FAYETTEVILLE, Ark. (KNWA/KFTA) — “#BlackatUark is having a sorority on campus email black orgs on campus to cast them as SLAVES in a play.”
A quick Twitter search of the #BlackatUark hashtag revealed this story, short enough to fit in the platform’s character limit and powerful enough to reveal the racism at Arkansas’ flagship university.
This wasn’t the only one. Others accused professors of using the n-word, Greek Life organizations of racist actions and university administrators of silence amid glaring injustice.
#BlackatUark is having a sorority on campus email black orgs on campus to cast them as SLAVES in a play.— 🦋 (@iamdcole) June 15, 2020
Being #BlackatUark is having PIKE throw a fried chicken, watermelon, and 40 oz themed party to celebrate Martin Luther King Jr. day.— ari 🌙 (@notordinari) June 16, 2020
#blackatuark is watching frats bring black artists to campus for row but having no respect for the black people whatsoever. Y’all love the culture that we bring but only enough to benefit and enjoy if for yourself— I hate it here (@trieditbih) June 15, 2020
The hashtag’s gone viral since it first popped up this week, and hundreds of current and former black students spoke out on Twitter. This comes as the country undergoes its most-significant civil rights movement since the 1960s following the death of black Minnesota man George Floyd while in police custody. Amid protests and demonstrations calling for overwhelming structural overhauls in law enforcement, businesses and local government, the #BlackatUark hashtag showed higher education isn’t immune.
“All the ongoing hashtags have been topics that have been widely in discussion for some time,” said Dekarius Dawson, a former UA student.
Dawson, a black man, said he experienced racism soon after moving to Fayetteville when he first enrolled.
“I had a patron ask me what tribe I was from, referring to Africa,” Dawson said. “I was like, ‘I’m actually from Memphis, Tennessee. That’s in America.'”
Dawson said he wasn’t surprised to see the plethora of stories from other black students.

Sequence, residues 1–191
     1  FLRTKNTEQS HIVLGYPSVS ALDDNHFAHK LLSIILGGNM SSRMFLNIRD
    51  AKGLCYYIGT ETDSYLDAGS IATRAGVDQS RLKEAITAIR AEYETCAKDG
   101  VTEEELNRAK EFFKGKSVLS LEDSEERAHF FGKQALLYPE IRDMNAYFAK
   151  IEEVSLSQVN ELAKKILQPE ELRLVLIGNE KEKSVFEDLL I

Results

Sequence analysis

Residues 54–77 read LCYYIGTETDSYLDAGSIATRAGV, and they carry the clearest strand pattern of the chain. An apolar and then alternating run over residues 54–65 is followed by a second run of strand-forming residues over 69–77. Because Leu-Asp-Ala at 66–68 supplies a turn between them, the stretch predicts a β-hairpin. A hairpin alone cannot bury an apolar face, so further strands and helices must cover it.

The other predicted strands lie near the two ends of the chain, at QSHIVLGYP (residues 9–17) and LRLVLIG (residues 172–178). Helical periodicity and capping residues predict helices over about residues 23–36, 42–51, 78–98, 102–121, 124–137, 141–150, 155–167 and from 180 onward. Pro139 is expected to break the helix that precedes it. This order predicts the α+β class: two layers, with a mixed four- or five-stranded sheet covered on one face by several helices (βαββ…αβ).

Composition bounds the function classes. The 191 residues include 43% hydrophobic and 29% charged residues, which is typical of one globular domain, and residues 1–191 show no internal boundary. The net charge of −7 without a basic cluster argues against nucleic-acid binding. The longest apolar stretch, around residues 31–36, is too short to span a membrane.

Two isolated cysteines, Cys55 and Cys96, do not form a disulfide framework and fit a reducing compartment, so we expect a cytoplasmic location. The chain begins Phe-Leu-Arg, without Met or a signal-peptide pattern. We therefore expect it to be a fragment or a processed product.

#BlackatUARK is living in Pomfret hall and it being called the ghetto because that is where majority of the black students live— TaylorMade (@Xclutay1) June 15, 2020
#BlackAtUARK Having you teacher tell you to explain to your all white class that racism is real and seen on a daily basis. Only for a white male classmate to say “yea i think black people are over reacting, it’s not that bad to have stop & frisk, if you think someone is guilty”— Kissi 😘🇹🇹 (@kiss_kissi) June 15, 2020
#BlackatUark the higher ups wondering why African American retention rates are dropping but won’t put in any effort to provide a safe space for black people to feel welcome & recognized.— kandy🍭 (@kandyflan) June 15, 2020
“Yes, somebody puts out a statement [when racism is reported], but then nothing else really happens after that,” Dawson said. “So, no surprise.”
The UofA responded to the trending hashtag in a statement Tuesday:
“Chancellor [Joseph] Steinmetz and others on campus have been following #BlackatUARK and the experiences shared in that thread are powerful and painful testaments to the vital work we as a university and community need to do to make our campus more equitable and inclusive. Racist activities have no place on the University of Arkansas campus or anywhere in our world. Chancellor Steinmetz is meeting weekly with black students to listen, learn and develop pathways to make our campus more inclusive. We are working to grow that group to make sure all voices are heard as we work together to build a better campus and world.”
Steinmetz tweeted a statement of his own, calling the stories, “powerful, painful testaments” to the corrective work that needs to be done.
I have been reading #blackatUARK and I hear you. Your experiences as black students are powerful, painful testaments to the vital work we need to do to make our campus equitable and inclusive. These hard, real discussions are an important step to affect change together. #UARK— Joseph Steinmetz (@JoeSteinmetz) June 16, 2020
“These hard, real discussions are an important step to affect change together,” Steinmetz said.
The university’s Black Student Caucus released a list of demands on its Instagram page, imploring the UofA’s administration to make tangible changes to its daily operation:
- Statement from the chancellor
- Mandatory cultural competence training
- Uncompromising punishment
- Funds for black student life center and staff
- Funding for black scholarships
- Implementation of hate speech policy
- Consequences for individuals under investigation
- More people of color at Pat Walker
- Removal of Fulbright statue and renaming of dining hall
- Creation of committee to address demands
- Diverse judicial board
- More black staff
- More black investigators
- Funds for African and African American studies
- Memorial statue of Silas Hunt, the UofA’s first black student
Dawson said regardless of what happens, he wants to see real change.
“Reach out to the higher-minority populated areas, increase scholarship access for us,” Dawson said. “There’s a plethora of things.”